Oilers not underestimating Senators, who reflect not-so-distant past

Connor McDavid spoke to Gene Principe after the Edmonton Oilers' big win in the Battle of Alberta and gave his thoughts on the passing of Walter Gretzky.

EDMONTON — It used to be a running joke among the Edmonton media.

The good teams — San Jose, Anaheim, Detroit, Los Angeles, Vancouver — would roll into Edmonton and talk about that night’s opponent.

“They’re a team that plays quick, they have good skill, they work hard,” they would say. “For the struggles they’ve had early, they’ve continued to improve. They’ll be a handful here — they’ve played much better lately.”

Henrik Sedin would praise the young, eternally rebuilding Oilers as a true threat. Eight hours later, the young Oilers would spit out of Daniel and Henrik’s spin cycle like a cat caught napping in the dryer.

The next day Patrick Marleau, Nick Lidstrom, Joe Sakic or Drew Doughty would arrive, and when us scribes would compare their quotes, they would be almost identical to what the Sedins had said.

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Edmonton? Meet Ottawa, the former you.

“They’re a good, young team,” said the Oilers’ James Neal, when asked Tuesday to characterize Wednesday’s (and Friday’s) opponent. “They’re young, full of energy, they’re scrappy. They’re looking to outwork you and they have some high-end skill to go with that.”

Tyler Ennis spoke of his old team, a Senators club that employed him for the 2019-20 campaign.

“They were in a rebuild, and they are currently in a rebuild. But they have some great young players,” said Ennis. “They’re young but they’re growing, and you can see them get better every day.”

Wednesday the Oilers will host the Senators in the sixth meeting of the season between the two teams. Edmonton has won each of the first five meetings in regulation, most recently a come-from-behind, 3-2 victory Monday night in Edmonton, the first of three games for the Senators in the Alberta capital.

Heading into Game 2, the Oilers went full Sedin, warning about how the team they’ve been beating for fun this season could jump up and bite them at any moment. And really, what else are they supposed to say?

Reporters ask players questions, players and coaches have to respond with answers. And as much as the game may have changed since 2010, respecting one’s opponent is a heritage attribute in the NHL.

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It’s not like the Oilers are a finished product — they are most certainly not. They have, however, managed to escape the rebuilding vortex that gripped this franchise for more than a decade. Today, they have some homegrown leaders, rather than some imports brought in to help teach the draft picks how to become NHLers.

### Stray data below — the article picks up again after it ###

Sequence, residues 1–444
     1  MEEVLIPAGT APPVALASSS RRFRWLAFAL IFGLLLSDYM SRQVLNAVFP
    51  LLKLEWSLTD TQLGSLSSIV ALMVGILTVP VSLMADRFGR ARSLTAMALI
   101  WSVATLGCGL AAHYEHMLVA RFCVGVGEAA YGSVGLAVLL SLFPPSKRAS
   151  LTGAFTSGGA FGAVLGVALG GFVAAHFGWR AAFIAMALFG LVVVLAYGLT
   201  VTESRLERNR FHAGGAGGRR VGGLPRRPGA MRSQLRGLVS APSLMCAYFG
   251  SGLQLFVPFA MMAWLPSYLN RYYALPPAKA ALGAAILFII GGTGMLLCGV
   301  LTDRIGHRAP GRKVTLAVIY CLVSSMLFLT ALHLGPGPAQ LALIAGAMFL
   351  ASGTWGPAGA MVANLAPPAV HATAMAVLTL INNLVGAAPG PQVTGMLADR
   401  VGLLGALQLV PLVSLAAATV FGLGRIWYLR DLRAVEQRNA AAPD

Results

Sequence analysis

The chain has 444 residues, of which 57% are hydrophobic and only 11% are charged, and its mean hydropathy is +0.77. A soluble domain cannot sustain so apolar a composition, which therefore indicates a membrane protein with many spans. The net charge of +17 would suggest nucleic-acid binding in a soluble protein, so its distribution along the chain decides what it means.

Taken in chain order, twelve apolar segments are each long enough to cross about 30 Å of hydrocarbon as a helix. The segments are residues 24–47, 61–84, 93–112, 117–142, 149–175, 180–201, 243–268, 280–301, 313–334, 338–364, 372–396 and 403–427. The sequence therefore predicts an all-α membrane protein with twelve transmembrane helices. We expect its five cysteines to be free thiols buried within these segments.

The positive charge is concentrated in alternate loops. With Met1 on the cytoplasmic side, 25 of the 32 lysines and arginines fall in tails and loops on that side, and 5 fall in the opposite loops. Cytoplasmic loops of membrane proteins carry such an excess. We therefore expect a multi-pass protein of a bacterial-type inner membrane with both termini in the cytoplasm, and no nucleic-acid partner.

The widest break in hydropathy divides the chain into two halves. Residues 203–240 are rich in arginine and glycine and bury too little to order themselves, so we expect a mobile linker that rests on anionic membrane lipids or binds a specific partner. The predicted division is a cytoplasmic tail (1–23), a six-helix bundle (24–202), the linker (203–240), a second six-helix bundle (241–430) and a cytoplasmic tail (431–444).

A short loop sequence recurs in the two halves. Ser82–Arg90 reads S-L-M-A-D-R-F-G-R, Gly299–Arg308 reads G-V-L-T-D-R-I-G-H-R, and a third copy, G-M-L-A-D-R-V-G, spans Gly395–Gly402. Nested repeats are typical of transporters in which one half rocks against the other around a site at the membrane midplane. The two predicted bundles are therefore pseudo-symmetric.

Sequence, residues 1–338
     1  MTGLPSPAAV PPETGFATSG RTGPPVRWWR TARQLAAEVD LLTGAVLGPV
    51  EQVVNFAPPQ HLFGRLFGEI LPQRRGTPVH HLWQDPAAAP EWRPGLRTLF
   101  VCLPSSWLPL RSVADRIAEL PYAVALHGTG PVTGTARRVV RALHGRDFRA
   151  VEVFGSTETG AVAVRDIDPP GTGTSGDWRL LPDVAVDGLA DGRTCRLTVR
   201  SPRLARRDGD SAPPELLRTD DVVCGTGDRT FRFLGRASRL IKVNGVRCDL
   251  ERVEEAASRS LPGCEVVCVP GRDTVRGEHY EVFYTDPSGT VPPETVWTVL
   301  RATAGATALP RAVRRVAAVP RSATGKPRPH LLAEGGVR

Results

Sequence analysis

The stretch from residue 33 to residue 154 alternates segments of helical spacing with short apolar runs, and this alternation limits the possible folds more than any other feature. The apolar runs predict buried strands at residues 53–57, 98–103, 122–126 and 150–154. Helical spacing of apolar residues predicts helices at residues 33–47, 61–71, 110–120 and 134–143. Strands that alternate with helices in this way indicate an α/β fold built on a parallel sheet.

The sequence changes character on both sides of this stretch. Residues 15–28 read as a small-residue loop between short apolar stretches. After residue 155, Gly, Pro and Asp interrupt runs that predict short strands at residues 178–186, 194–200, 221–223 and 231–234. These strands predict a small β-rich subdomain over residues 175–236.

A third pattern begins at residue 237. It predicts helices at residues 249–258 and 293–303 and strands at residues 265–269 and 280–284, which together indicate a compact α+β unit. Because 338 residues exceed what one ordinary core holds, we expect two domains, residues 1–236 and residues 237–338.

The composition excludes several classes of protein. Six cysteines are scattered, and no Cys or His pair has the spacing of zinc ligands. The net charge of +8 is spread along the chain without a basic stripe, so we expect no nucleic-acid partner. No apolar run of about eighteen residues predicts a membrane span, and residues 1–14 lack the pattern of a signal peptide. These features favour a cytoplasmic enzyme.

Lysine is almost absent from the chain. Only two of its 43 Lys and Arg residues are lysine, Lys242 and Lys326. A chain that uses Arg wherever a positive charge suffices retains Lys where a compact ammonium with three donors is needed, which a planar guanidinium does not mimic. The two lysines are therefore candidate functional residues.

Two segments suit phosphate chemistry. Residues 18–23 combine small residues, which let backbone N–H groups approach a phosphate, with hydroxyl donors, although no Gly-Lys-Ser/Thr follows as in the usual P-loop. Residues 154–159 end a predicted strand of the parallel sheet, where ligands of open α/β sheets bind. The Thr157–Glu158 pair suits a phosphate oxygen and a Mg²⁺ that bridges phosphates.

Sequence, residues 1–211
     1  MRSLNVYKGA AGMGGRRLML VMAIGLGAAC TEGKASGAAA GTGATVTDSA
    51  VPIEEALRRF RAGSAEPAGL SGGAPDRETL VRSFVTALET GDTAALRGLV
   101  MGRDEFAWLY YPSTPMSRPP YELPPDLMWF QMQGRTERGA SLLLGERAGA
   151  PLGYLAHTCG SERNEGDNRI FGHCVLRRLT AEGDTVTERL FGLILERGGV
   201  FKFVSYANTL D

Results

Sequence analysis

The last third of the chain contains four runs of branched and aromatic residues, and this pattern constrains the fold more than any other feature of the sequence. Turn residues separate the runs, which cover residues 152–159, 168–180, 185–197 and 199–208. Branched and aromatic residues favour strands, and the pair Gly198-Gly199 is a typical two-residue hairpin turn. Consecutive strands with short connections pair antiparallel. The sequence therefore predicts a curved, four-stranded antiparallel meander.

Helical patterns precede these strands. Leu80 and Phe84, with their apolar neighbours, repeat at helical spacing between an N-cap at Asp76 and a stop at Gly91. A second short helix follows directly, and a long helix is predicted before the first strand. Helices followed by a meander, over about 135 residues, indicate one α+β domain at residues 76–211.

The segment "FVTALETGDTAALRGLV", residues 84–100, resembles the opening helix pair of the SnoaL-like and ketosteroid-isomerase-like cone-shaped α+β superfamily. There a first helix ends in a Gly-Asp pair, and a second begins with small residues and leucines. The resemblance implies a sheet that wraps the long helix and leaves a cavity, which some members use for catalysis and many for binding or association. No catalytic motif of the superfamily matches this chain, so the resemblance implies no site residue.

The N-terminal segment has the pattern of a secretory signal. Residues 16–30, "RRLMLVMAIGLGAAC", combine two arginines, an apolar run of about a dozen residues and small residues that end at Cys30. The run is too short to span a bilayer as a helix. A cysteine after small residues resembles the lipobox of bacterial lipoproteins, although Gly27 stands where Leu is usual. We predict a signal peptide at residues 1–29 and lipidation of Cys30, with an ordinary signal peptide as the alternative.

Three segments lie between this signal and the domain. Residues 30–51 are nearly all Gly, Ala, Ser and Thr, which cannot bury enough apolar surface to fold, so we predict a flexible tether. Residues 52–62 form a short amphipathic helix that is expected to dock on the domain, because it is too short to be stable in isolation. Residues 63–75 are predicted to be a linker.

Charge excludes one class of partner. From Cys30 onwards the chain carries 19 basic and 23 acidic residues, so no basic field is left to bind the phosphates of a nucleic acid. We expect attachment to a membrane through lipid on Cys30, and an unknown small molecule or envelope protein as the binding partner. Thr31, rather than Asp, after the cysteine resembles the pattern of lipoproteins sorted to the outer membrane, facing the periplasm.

Now it is Ottawa who is acquiring the Erik Gudbransons, the Cedric Paquettes and the Derek Stepans — older players brought in to show the young stars how to become successful, functioning professionals.

It’s not like when Neal broke in with the Dallas Stars, a veteran club with a roster full players who remained from some successful years.

“We had guys like Brad Richards, Mike Modano, Brenden Morrow, Marty Turco, Sergei Zubov, Stephan Robidas,” listed Neal. “One guy after another who takes you under their wing and shows you how to be a pro. How to go about your days. How to be a winner. How to prepare for games, and how to go through games.

“Then I went on to Pittsburgh and played with guys like Sid (Crosby) and Geno (Evgeni Malkin). Into Nashville with Mike Fisher and (Shea) Weber… I’ve been around a lot of great leaders. You learn day in day out what it takes to win and what it takes to be able to bring that mindset every day.

“Sometimes,” concluded Neal, “I think it’s different for young guys coming in (today) because there really aren’t that many older guys on the team. They’ve kind of got to fend for themselves a little bit.”

It was exactly that way in Edmonton for the players who now form the core of the team. As high draft picks like Ryan Nugent-Hopkins, Connor McDavid, Leon Draisaitl and Darnell Nurse arrived, management tried to buffer them with veterans from winning programs, names like Andrew Ference, Milan Lucic, Eric Belanger, Nick Schultz and Boyd Gordon.

Jeff Marek and Elliotte Friedman talk to a lot of people around the hockey world, and then they tell listeners all about what they’ve heard and what they think about it.

Today, the letter-wearers in Edmonton are all homegrown, except for Adam Larsson (who was traded for one). And when they look down the hall at a team like Ottawa, they know exactly what they’re looking at.

They’re looking at themselves. And they know that it doesn’t matter how much they butter up the Senators, because those guys have one thing in mind.

“You want to win,” began Nurse. “It doesn’t matter what situation or state your team is in. What position you are in the standings. You want to show up each and every night and they want to win. They have good weapons, young talent with a lot of grit. Guys who just want to play the right way and be in the lineup every night.

“I know, when we were in that situation, you didn’t come to the rink saying, ‘We’re in a rebuild.’ Or, ‘We’re a younger team.’ Your only thought was that you … wanted to be on the right side of that win column every night.”

They just haven’t managed to find a way against Edmonton, through five games.

No. 6 goes tonight.

And the Oilers?

They’d better give it 110 per cent.

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